The nuclear-weapon-free zone treaties, the CTBT and the TPNW all work together to reinforce the global norm against all forms of nuclear testing. The TPNW’s legally binding prohibition on nuclear testing is especially important given that the CTBT is not yet binding on the states that have ratified it as pending its ratification by certain specified states, it has not yet entered into force.
Australia has yet to join the Treaty on the Prohibition of Nuclear Weapons, despite joining all other relevant nuclear disarmament agreements. How do the CTBT and TPNW compare and compliment each other?
Responding to Global Threats
When the CTBT was originally developed, explosive nuclear testing was a key step in the development of new types of more sophisticated and thermonuclear nuclear weapons, and thus a ban on test explosions was hoped to be a significant non-proliferation measure, impeding the development of new types of weapons.
However, by the 1990s, non-explosive testing of nuclear weapons through computer simulations and various laboratory-based methods, including hydrodynamic and hydronuclear testing, enabled the development and deployment of new types of nuclear weapons without them being explosively tested.
France, for example, only ended its Pacific nuclear test explosions once it was confident it had developed non- explosive testing methods sufficiently for new weapons development. Thus while ending nuclear test explosions avoids substantial long-term health and environmental harms, its effectiveness as a non-proliferation measure has largely been lost.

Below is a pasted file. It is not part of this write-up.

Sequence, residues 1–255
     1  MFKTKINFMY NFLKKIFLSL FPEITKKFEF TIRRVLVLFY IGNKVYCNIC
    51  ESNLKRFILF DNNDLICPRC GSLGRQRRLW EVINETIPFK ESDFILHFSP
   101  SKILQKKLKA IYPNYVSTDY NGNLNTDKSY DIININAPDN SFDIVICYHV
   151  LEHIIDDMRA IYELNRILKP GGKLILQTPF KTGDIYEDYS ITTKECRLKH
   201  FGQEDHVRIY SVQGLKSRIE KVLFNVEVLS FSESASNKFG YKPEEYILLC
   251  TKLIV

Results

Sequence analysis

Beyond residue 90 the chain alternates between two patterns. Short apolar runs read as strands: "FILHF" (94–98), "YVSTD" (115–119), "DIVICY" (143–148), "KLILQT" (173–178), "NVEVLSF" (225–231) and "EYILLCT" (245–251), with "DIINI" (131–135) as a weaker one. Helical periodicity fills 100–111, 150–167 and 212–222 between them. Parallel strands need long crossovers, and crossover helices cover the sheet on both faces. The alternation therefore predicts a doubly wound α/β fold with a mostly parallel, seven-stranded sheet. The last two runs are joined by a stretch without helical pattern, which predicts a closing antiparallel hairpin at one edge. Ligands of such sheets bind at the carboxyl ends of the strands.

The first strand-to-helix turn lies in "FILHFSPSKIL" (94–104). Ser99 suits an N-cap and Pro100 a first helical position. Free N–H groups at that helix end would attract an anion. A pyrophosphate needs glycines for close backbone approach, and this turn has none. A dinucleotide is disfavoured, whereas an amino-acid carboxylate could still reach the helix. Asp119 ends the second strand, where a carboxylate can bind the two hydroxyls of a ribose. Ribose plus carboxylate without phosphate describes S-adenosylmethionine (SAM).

Prior to the adoption of the TPNW, nuclear weapons were the only weapons of mass destruction not subject to a categorical ban, despite their catastrophic humanitarian consequences. The new agreement thus fills a major gap in international law.
History shows that the prohibition of certain types of weapons facilitates progress towards their elimination. Weapons that have been outlawed by international treaties are increasingly seen as illegitimate, losing their political status.
Arms companies find it more difficult to acquire funds for work on illegal weapons, and such work carries a significant reputational risk. Banks, pension funds and other financial institutions divest from these producers.
The nuclear weapon ban treaty complements the prohibitions on biological and chemical weapons, land mines and cluster munitions, and reinforces various other legal instruments on nuclear weapons, including the non-proliferation treaty of 1968.
Provisions and Verification
The Comprehensive Nuclear-Test-Ban Treaty (CTBT) is a treaty to ban nuclear weapons test explosions and any other nuclear explosions.
The CTBT contains provisions in relation to the development of monitoring stations, on-site inspections and confidence-building measures which contribute to the global verification regime.
The Treaty on the Prohibition of Nuclear Weapons reinforces the normative pressure on States to make progress on nuclear non-proliferation and disarmament, including the ratification of the CTBT.